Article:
The Value of a Supply Chain Executive Education

Executive-level supply chain positions have gained both prominence and importance for today’s global companies, and to support this trend, universities, colleges, professional organizations, and training firms have enhanced their supply chain and logistics programs to help executives stay current on supply chain trends.

It wasn’t that long ago that supply chain managers worked mainly behind the scenes, stealthily orchestrating the movement of products from the raw material stage to manufacturing/production and right on through to the final delivery of the finished goods.

Typically occupied by employees who had successfully “worked their way up” through the company, these executive-level supply chain positions have over the last few years gained both prominence and importance for today’s global companies.

To support this trend, universities and colleges have enhanced their supply chain and logistics degree programs; organizations like APICS and the Institute for Supply Management (ISM) have expanded their certification programs; and training firms offer myriad options to help executives stay current on supply chain trends.

These executive education offerings provide executives with the opportunity to hone their skills, upgrade their technology acumen and better understand the inner workings of the modern-day supply chain.

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Supply Chain News: Retailers Rethinking Inventory Strategies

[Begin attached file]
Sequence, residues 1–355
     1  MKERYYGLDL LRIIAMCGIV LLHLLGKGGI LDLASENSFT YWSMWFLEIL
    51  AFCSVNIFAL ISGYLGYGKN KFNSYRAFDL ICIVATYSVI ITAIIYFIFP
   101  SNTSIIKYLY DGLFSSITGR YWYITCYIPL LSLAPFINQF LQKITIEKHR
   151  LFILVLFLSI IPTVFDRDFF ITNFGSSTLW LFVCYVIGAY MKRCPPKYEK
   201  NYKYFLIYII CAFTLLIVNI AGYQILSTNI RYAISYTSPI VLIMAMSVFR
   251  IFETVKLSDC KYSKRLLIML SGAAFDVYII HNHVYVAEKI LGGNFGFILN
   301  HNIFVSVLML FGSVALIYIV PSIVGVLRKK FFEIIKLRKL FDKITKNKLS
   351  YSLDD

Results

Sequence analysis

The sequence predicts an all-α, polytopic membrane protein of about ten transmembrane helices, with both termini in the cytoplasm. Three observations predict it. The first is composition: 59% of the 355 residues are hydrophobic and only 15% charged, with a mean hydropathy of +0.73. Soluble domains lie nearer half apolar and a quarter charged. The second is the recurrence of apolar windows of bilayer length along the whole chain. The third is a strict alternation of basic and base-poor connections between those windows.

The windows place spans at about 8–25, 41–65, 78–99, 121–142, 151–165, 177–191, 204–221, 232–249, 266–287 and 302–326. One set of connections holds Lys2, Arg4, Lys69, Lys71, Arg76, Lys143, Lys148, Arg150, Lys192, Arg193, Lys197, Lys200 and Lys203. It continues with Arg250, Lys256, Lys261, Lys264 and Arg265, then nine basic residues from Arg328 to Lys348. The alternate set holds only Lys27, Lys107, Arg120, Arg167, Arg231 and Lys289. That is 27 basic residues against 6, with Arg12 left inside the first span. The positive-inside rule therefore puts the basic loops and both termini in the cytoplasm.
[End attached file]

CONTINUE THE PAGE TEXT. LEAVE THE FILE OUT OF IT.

Are we starting to see new thinking in retail relative to inventory levels?

The reality is that somewhat under the radar, retail inventories have been rising. The inventory-to-sales (ITS) ratio measures the amount of inventory held as a percentage of one month’s worth of sales. As can be seen in the chart below, while the retail ITS is highly seasonal, the trend since 2010 is definitely up. Now, some stores are once again trying to slay the inventory beast.

For example, Tom Shortt, Home Depot’s senior vice president of supply chain told the Wall Street Journal his new message to the stores is “Get comfortable with days of inventory, not weeks.” The retailer is targeting sales growth of nearly 15% by 2018, but wants to keep inventory levels flat or slightly down – quite an accomplishment versus how retail has historically managed sales growth and inventories.

It is a shift happening across the retail sector, as companies try to figure out ways to profitably serve the growing needs of on-line shoppers while making their networks of brick and mortar outlets generate more cash.

“Chains must predict whether demand will come from the internet or a store visit, and whether they’ll ship online orders from a distribution center or a store,” the Wall Street Journal noted. “Every move of inventory is an added cost that eats away at already thin margins.”

As we reported in the Retail Vendor Performance Bulletin recently, Target stores announced earlier this year it was replacing its existing forecasting and replenishment software with in-house developed applications to manage the complexity of inventory deployment and fulfillment across its omnichannel network.

Read more at Supply Chain News: Retailers Rethinking Inventory Strategies

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